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PHIL2009 Philosophy of Mind

Module Overview

Philosophy of mind explores questions about the nature of the mind and mental states – states such as perceptual experiences, beliefs, desires, and emotions. What is the mind? Is it an immaterial substance? Is it the brain? Is it something like a computer? Might it just be a useful fiction? In considering these questions we will pay particular attention to two central features of the mind: (i) that mental states play a central role in explaining behaviour (for example, my desire for coffee helps explain why I’m heading to the cafeteria); (ii) that some mental states are conscious: there is something it is like to feel pain, taste marmite, or see a sunset. We will study the various ways in which philosophers have tried to give an account of the mind that makes sense of these features.

Aims and Objectives

Module Aims

To explore and critically discuss some of the central issues and theories in the philosophy of mind.

Learning Outcomes

Knowledge and Understanding

Having successfully completed this module, you will be able to demonstrate knowledge and understanding of:

  • the central doctrines of contemporary philosophy of mind
  • how to evaluate and compare these doctrines by reference to their capacity to account for key elements in our understanding of the mind, science and nature.
Transferable and Generic Skills

Having successfully completed this module you will be able to:

  • undertake independent work, including identifying and using appropriate resources.
  • work effectively to deadlines.
  • contribute to discussion in a critical but dispassionate way.
  • express views clearly and concisely.
Cognitive Skills

Having successfully completed this module you will be able to:

  • interpret, synthesise and criticise complex texts and positions
  • Present ideas, both orally and in writing, clearly and carefully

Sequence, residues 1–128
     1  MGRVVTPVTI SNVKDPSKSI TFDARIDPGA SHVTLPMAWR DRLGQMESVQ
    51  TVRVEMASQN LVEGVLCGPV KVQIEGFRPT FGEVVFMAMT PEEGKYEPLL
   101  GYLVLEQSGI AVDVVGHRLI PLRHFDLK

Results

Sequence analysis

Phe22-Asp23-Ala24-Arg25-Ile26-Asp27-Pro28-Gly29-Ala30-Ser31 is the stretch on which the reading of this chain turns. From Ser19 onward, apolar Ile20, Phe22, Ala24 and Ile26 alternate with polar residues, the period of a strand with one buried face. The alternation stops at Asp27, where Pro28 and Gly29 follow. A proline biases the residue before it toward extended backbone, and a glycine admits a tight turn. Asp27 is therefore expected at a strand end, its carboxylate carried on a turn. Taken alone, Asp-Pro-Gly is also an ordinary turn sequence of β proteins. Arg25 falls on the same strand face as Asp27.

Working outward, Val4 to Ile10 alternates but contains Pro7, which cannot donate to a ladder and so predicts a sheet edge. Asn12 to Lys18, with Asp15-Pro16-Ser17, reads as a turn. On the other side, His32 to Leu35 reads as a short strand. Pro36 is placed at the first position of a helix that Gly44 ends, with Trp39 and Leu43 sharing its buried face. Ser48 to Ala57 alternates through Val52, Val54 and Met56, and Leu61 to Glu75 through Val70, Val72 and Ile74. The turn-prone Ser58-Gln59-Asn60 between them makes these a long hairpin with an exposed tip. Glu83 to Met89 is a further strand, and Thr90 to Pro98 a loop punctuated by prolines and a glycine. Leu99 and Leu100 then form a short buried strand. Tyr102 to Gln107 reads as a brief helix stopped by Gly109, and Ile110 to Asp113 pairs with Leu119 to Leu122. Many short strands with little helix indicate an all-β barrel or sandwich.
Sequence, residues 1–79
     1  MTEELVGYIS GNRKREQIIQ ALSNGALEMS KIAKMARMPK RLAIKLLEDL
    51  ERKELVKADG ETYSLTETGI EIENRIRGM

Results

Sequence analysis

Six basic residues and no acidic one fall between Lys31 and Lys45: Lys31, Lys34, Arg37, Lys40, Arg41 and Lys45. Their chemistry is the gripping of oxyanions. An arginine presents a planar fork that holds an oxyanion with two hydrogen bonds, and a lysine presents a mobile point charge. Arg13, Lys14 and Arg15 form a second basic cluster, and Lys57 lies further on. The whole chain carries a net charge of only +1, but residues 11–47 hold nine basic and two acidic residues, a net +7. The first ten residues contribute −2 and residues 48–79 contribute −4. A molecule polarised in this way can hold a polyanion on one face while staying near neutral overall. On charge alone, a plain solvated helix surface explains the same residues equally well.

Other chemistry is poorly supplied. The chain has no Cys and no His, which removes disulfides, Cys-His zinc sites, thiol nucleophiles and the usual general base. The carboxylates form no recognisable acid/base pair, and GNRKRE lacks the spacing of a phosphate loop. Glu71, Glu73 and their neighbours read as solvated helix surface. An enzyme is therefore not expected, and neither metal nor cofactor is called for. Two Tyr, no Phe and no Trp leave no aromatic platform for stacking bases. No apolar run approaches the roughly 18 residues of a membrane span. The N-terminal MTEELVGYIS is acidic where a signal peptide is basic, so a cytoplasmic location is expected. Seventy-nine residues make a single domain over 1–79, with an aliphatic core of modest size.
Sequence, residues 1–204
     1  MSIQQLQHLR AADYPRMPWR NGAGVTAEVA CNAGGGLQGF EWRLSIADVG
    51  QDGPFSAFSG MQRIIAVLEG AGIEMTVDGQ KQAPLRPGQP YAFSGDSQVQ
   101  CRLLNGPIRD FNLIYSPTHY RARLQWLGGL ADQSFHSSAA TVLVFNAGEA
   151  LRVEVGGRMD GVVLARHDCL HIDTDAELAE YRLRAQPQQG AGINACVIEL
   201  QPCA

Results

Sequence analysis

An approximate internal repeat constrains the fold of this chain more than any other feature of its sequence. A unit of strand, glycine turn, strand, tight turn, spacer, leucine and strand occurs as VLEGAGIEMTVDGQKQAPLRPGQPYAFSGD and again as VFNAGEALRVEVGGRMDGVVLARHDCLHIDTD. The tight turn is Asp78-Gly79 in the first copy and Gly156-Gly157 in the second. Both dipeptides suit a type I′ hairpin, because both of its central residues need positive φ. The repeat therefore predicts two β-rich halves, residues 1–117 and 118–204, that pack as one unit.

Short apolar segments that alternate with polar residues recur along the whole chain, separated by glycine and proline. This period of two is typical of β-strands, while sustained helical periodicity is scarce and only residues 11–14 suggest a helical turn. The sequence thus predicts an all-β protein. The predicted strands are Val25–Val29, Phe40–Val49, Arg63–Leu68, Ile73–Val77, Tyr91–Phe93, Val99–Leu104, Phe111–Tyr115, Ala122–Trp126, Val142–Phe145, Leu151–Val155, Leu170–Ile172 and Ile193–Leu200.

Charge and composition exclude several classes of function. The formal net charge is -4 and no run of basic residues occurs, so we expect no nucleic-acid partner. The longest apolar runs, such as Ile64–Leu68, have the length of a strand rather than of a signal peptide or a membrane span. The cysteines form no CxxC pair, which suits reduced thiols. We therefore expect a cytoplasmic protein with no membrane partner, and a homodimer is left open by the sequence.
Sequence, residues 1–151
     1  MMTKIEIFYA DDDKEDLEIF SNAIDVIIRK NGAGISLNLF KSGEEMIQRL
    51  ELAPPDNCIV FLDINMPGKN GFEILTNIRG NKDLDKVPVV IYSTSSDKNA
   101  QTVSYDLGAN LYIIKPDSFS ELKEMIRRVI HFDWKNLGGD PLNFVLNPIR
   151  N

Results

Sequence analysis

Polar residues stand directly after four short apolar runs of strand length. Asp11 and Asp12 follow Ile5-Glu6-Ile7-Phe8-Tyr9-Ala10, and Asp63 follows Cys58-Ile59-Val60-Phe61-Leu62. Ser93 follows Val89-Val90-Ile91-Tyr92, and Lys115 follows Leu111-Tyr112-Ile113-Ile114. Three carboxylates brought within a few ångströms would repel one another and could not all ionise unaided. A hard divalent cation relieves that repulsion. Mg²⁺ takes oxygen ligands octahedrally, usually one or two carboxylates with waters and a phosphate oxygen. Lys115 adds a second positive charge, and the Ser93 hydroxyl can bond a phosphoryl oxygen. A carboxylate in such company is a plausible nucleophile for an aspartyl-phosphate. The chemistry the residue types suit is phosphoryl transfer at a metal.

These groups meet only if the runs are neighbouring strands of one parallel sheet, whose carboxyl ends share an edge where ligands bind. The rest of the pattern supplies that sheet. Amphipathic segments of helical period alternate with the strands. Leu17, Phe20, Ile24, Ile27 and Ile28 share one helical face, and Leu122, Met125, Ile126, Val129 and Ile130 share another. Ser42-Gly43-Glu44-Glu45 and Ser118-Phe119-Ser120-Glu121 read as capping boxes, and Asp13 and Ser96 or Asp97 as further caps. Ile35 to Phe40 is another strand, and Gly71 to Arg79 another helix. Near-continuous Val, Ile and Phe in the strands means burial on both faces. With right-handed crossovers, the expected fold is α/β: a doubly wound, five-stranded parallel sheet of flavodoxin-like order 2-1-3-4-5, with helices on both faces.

• take notes from talks and written materials.
  • debate and criticise ideas and arguments in an even-handed fashion.
  • articulate and defend your own views regarding the issues the module concerns.


The syllabus may vary from year to year. Topics may include: 1) Dualism: is the mind an immaterial substance? 2) Behaviourism: is the mind reducible to behaviour? 3) Identity Theory: is the mind the brain? 4) Functionalism: are mental states functional states? 5) Mental Causation: can we make sense of the common-sense notion that mental states cause behaviour? 6) Consciousness: can we make sense of the familiar fact that some mental states are conscious? 7) Externalism about the Mind: what is the relationship between mind and world? Are mental states “in the head”?

Learning and Teaching

Teaching and learning methods

Teaching methods include: - Lectures - In class discussion - One to one consultation with the module coordinator Learning activities include: - Attending classes - Contributing to class discussion - Preparing for and giving presentations - Preparing for and taking the exam

Independent Study117
Total study time150

Resources & Reading list

D Chalmers. Philosophy of Mind: Classic and Contemporary Readings. 

J. Heil. Philosophy of Mind: A Contemporary Introduction. 

I Ravenscroft. Philosophy of Mind: A Beginner’s Guide. 



MethodPercentage contribution
Examination  (120 minutes) 60%
Presentation 40%


MethodPercentage contribution
Examination  (120 minutes) 100%

Repeat Information

Repeat type: Internal & External

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